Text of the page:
Hi, Simon here. Its about time you had an update on all the goings on with the #FoulshawOspreys. Below are the latest highlights from the nest web cam plus my notes on what you are seeing.
Foulshaw Moss intruders...
OK, so 'intruders' may sound a bit harsh, but our resident ospreys were clearly very cross at the appearance of additional adult ospreys in recent weeks. Many visitors have been treated to views of the visitors sitting in the trees or circling overhead and performing display flights, slowly descending in a zigzag glide.
On a serious note we do sometimes also have people trying to get near to the nest, apparently to take photographs. Recklessly disturbing nesting ospreys is of course an offence, with maximum penalty of six months imprisonment plus £5,000 fine.
Nobody should be going beyond the Foulshaw viewing platform without a permit, but unfortunately the actions of a few thoughtless individuals mean we need the nest cameras for security as well as observing the birds.
We rely on donations, as entry to Foulshaw Moss is free. If you enjoy watching the ospreys and can spare a little bit to help keep streaming the webcam or improve visitor facilities, we would be really grateful.
At least 5 ospreys at Foulshaw Moss
Thanks also to everybody who has let us know when they have watched the webcam and seen displays of defensive behaviour suggesting that another osprey is around. That is always really useful, as is information on the exact times when anything interesting was noticed.
The video highlights start with some examples of ‘mantling’, a common defensive behaviour in birds of prey, which ospreys usually do when another osprey intrudes on their territory. This is essentially spreading the wings and tail, and hunching the shoulders. Most species do it to shield a prey item that they are eating. On a number of occasions this year, Blue 35 has kept this up for over an hour.
Nesting ospreys like to embellish their mantling display with some bobbing up and down, some shifting from foot to foot, and lots of shrieking. Another posture to look out for is the alarm display, where they sit very upright, with the wings pulled in tight at their sides.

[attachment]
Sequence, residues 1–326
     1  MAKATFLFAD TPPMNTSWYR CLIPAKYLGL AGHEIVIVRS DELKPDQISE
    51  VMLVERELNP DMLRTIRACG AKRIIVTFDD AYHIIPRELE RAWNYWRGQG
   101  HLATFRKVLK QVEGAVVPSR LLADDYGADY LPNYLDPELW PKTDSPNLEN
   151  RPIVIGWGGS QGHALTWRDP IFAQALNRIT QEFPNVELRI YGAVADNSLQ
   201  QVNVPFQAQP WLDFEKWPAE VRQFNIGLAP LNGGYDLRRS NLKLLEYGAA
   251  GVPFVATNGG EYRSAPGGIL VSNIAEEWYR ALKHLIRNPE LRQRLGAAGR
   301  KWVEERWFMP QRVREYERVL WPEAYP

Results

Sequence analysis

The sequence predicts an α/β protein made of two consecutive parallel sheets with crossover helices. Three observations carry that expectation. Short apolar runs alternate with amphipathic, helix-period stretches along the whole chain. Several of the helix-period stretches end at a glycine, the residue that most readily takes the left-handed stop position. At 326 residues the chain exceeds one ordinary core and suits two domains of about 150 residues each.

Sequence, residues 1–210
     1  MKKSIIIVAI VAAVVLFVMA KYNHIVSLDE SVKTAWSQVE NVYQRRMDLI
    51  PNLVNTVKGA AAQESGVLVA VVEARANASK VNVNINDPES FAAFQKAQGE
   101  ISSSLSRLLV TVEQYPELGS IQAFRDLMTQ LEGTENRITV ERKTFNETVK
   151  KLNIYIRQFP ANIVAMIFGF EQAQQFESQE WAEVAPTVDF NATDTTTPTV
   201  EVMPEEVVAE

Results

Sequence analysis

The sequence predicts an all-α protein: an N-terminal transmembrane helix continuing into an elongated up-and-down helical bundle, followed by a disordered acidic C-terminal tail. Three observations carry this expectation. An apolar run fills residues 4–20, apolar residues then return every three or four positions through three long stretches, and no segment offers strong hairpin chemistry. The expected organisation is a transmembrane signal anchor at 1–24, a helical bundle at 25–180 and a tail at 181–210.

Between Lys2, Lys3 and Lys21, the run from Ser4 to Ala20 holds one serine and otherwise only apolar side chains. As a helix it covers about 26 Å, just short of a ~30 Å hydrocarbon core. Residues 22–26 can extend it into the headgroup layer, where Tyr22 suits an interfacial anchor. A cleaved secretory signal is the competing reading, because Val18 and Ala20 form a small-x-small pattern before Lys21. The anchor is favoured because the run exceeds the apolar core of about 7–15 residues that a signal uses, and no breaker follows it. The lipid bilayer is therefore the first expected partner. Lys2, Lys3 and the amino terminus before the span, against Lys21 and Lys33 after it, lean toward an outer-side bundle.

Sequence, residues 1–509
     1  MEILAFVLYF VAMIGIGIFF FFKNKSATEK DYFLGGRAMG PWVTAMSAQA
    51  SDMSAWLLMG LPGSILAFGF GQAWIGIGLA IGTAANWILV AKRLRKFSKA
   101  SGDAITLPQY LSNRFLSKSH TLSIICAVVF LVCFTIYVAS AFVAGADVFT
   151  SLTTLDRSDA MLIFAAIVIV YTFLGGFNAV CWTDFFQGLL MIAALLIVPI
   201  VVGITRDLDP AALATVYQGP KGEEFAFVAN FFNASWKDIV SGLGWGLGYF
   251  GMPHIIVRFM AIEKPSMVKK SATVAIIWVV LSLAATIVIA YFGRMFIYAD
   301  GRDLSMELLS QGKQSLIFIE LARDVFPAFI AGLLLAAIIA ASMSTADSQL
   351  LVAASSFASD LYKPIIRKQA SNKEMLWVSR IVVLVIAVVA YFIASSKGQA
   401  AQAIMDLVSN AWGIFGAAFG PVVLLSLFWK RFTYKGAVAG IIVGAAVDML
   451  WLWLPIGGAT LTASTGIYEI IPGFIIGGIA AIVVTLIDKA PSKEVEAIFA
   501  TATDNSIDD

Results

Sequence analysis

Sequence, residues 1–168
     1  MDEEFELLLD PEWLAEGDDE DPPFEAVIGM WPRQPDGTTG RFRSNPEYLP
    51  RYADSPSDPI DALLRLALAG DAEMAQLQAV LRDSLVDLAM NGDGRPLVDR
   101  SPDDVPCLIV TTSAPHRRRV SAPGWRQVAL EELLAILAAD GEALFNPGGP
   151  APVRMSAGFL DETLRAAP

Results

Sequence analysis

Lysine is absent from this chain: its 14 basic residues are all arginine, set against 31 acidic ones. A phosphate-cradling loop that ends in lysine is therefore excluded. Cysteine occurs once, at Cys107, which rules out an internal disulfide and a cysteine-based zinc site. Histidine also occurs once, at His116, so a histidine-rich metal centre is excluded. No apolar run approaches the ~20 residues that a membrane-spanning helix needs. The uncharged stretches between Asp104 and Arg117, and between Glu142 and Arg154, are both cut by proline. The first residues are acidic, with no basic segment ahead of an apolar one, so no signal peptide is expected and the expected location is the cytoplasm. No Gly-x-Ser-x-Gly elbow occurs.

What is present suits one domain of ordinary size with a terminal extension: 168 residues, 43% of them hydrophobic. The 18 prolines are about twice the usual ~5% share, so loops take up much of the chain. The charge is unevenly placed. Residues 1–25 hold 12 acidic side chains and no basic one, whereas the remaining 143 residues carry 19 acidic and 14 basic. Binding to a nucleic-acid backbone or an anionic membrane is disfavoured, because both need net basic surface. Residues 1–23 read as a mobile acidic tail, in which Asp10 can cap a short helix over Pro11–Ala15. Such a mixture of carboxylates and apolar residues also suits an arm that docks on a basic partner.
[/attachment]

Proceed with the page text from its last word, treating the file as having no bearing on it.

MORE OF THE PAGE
When alarmed, the young will flatten themselves down and remain still, which makes them camouflaged against the nesting materials. At one point, Blue 35 can be seen doing a similar thing when a bird is circling above her. She lies her body and head flat down, with her bent wings out flat besides her (see 3.30 in the video).
At one point 4 distant birds can be seen circling together. Although they can’t be positively identified as ospreys from this film, this strongly suggests that there were 2 non-breeding pairs in the area, since our male, White YW, flew back to the nest with a fish shortly afterwards. He would not have left if he had been there during this intrusion.
And intrusion it certainly was! A female dropped down onto the nest (see 2:47 in the video & photo above). Clearly no match for the look of rage on Blue 35’s face, she took off again seconds later. The chicks were laying in between the 2 adult females, so no fighting ensued. She has no leg ring so I can’t positively ID her. Does anybody recognise this bird from any other osprey nests?
Apparently, physical fighting is rare amongst adult ospreys, and no physical contact has been witnessed when they have flown up and given chase to the various osprey intruders. The chicks, though, did plenty of it. Now a pecking order is well established, harmony has been restored.
Where are they hiding?
This video also tries to answer some of your questions about what the adults are up to when not visible on the nest camera.
At 3:38 we see the roost tree, a nearby dead tree where both adults like to rest or sit and eat in peace. Notice the red deer grazing beneath on this summer evening. They can sometimes be seen in the long grass in the daytime too. If not there the male may be out fishing in the River Kent or further along Morecambe Bay, though he is still finding time to spend most of the day snoozing.
Both birds also keep going on the hunt for new nest material. The strange blackish object at 4:44 apparently turns out to be tree bark. This is frequently used to line osprey nests, as well as grass and moss. As to why they keep depositing new nest material on top of the sleeping chicks, I’m afraid I really have no idea.
At 4:54 the camera catches White YW resting on a branch below the nest, well out of the usual field of view. Both birds often do this. At the moment Blue 35 tends to roost on a branch next to the nest, just out of camera shot, thereby giving the impression that she’s not there.
As the 3 chicks are growing, White YW is of course having to spend more and more time out hunting fish to feed them. We are still very keen to hear where they are going to, so if you spot an osprey outside of the Foulshaw Moss nature reserve, please add a comment below or ring/email us with the date, approx time and location.
The chicks faces give away where Blue 35 is hiding at 6:08. She has taken to perching on top of the cameras, much to our amusement. When you visit the osprey viewpoint, have a look for yourself!